GENERAL INFORMATION - COURT AND ALTERNATIVES
TO GOING TO COURT
What alternatives are there to
going to court?
What is Collaborative
What if my former spouse is
not obeying the court order or divorce judgment?
How can I get a court order
What alternatives are there to going
Not many parents go to trial about custody. Proceedings can be expensive
and stressful both for you and for the children. You have choices other
than going to court to reach agreements on parenting arrangements.
You can go to a family mediator. A mediator is generally a person
with a legal or social work background who has special training in
helping people resolve disputes. A mediator works with both of you
and helps you discuss and decide on the arrangements for your
children. Click her for links to mediators.
You can meet with a lawyer who will explain your legal rights and
obligations and help you negotiate an agreement.
You can meet with a
family therapist, child psychologist, social worker, family doctor
or other professional who knows about the effects of separation and
divorce on children of different ages.
Another alternative is to use a
assists couples or individuals with filing their own simple divorce
(uncontested divorce) or joint divorce in Canada.
Many courts now
offer parent-education sessions, which present options for settling the
issues you face upon separation and divorce. These sessions also discuss
the impact of separation and divorce on children.
Collaborative Family Law is a cooperative approach to negotiating and
settling the issues arising from separation outside of court. Separated
spouses, with the assistance of specially trained family law lawyers,
negotiate their issues, as they define them, in a controlled, safe, and
respectful setting. These structured negotiations happen in meetings
between the spouses and their lawyers. These meetings allow the spouses
to explore their issues together, as they define them. The lawyers act
both as communication/negotiation coaches for their clients, and
simultaneously fulfill their usual role of advising their clients about
their legal rights, entitlements and obligations. The parties focus on
effectively communicating to gather facts and discover each other's
interests. Emotional tactics, threats, or abusive communications are all
identified, discussed and eliminated. The lawyers, having agreed to not
take part in any litigation that may occur if an agreement isn't
reached, efficiently focus their time and effort solely on settlement,
rather than posturing or preparing documents or themselves for court.
Everyone, including the lawyers, are focused on creating together a
stable, fair, legal separation agreement.
Click here for links to
AFTER YOUR DIVORCE
What if my former spouse is not
obeying the court order or divorce judgment?
Your divorce judgment may include court orders dealing with parenting,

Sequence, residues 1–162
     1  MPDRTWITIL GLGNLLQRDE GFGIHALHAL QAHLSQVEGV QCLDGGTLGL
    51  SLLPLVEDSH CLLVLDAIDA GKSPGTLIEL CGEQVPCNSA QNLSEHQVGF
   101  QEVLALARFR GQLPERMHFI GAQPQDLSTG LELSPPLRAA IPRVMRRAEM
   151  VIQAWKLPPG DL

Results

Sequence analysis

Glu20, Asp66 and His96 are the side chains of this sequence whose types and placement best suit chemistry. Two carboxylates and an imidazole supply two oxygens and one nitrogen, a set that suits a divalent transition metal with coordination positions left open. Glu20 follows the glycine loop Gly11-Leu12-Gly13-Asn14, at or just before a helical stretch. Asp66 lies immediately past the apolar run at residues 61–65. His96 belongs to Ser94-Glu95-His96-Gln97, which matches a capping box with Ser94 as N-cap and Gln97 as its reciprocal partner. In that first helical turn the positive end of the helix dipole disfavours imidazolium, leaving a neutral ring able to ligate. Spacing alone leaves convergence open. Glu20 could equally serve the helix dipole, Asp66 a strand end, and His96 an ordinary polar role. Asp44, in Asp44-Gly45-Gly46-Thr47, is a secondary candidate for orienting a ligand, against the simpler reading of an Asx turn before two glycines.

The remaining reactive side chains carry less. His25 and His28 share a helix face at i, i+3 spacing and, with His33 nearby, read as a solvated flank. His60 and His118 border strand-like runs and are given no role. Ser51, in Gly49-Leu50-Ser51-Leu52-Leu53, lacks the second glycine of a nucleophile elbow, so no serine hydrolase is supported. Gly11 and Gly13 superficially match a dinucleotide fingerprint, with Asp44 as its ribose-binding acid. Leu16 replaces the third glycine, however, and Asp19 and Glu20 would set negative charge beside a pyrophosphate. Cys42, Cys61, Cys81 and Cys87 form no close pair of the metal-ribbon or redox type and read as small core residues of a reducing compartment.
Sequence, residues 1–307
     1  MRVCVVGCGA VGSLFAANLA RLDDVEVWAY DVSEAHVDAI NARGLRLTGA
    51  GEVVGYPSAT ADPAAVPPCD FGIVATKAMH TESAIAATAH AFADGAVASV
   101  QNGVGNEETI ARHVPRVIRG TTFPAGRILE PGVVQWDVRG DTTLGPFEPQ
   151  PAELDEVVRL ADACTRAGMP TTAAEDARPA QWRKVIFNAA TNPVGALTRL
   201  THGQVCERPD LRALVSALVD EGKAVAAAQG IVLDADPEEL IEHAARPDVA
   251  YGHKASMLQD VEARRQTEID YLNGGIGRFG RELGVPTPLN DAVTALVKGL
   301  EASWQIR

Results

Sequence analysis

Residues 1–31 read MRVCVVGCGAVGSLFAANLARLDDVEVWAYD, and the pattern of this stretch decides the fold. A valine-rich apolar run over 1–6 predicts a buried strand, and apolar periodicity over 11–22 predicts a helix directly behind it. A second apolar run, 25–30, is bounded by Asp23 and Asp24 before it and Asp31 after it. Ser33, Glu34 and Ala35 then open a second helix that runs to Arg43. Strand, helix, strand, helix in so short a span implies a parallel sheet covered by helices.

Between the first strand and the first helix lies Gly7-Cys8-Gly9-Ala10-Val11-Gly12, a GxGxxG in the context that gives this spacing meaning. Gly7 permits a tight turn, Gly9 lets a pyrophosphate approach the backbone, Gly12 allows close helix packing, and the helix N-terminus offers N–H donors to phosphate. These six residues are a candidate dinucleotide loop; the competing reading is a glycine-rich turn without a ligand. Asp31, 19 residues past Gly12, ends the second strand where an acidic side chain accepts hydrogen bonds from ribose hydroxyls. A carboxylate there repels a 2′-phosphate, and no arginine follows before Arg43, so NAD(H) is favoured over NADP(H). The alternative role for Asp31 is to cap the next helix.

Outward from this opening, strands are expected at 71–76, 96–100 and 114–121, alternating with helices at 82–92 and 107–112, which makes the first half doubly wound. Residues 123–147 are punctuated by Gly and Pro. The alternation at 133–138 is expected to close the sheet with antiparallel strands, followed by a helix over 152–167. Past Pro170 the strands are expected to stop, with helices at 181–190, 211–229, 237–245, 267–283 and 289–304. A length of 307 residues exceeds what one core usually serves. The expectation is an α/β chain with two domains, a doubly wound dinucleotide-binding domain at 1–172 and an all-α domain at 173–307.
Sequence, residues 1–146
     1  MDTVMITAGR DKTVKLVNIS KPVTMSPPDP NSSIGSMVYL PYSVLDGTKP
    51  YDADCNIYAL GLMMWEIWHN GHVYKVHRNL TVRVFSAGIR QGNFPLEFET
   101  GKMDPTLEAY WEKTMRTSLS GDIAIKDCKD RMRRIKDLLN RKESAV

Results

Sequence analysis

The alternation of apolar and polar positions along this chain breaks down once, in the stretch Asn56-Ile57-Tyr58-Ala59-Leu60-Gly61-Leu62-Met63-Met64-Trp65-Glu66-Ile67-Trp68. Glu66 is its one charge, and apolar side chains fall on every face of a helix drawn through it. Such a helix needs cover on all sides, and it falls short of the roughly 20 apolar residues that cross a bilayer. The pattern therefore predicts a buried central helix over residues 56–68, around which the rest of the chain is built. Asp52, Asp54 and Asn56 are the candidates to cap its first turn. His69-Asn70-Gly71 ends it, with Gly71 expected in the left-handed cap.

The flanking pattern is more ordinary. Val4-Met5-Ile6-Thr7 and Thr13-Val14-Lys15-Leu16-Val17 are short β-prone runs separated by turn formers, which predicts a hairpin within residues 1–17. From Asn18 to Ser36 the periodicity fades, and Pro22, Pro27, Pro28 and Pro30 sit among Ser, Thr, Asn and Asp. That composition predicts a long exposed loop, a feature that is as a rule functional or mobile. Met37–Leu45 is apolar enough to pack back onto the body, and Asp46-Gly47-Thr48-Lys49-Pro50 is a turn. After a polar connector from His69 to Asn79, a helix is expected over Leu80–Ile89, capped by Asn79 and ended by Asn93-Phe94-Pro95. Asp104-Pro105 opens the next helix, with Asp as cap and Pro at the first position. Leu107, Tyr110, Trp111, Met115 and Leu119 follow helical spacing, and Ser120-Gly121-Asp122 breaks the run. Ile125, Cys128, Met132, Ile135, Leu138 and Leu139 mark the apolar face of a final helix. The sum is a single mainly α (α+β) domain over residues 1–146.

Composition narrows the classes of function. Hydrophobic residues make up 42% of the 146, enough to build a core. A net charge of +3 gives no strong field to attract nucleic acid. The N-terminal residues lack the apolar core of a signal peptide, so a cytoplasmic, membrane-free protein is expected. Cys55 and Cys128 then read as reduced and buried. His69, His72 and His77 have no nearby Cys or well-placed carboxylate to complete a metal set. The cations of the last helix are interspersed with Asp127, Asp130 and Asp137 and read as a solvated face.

child support and spousal support. Both parents must obey these orders.
When one parent does not, the other parent can take action. Here are two
When you have a right to see your child but, for no good reason, your
former spouse will not allow it, you can go back to court to ask for
help. A judge may set out a very specific schedule for access or grant
extra time to make up for the visits you missed. You could also ask the
judge to change the parenting arrangements.
When your spouse is supposed to pay child or spousal support under a
court order, but is not paying, enforcement offices will help you
collect the money. All provinces and territories have these offices.
To find out how you can get help dealing with these situations, get in
touch with your local court or family law information office, the
support enforcement program in your province or territory, or a lawyer.
How can I get a court order
The divorce judgment legally ends your marriage and you cannot change
that. But sometimes you may need to change other parts of the judgment,
such as the child's residential schedule or child or spousal support.
You may ask a judge to change an order for custody when there has been a
significant change in the condition, means, needs or other circumstances
of the child and/or yourself or the other parent since the last order
was made. You may ask a judge to change an order for child support if:
the special expenses of the child change;
your income or your former spouse's income changes; and/or
there are other significant changes in your circumstances or those
of your former spouse or the children.
In a few situations you may also change a spousal support order.
If you and your former spouse agree about what needs to be changed, you
can file the application form with the court and the judge will consider
and, most likely, approve the change. This is called a consent order,
because both you and your former spouse consented to it. Where child
support is involved, the judge continues to have an obligation to ensure
that a reasonable amount of support (in light of the
child support guidelines)
is agreed to.
If you cannot agree, you can go back to court, present your case and ask
a judge to make a new order.
GO TO GENERAL
Divorce in Canada
Divorce in Canada and
Divorce in Canada
and going to court and alternatives
would like start an uncontested divorce for Ontario,
click here to visit our sponsor's site.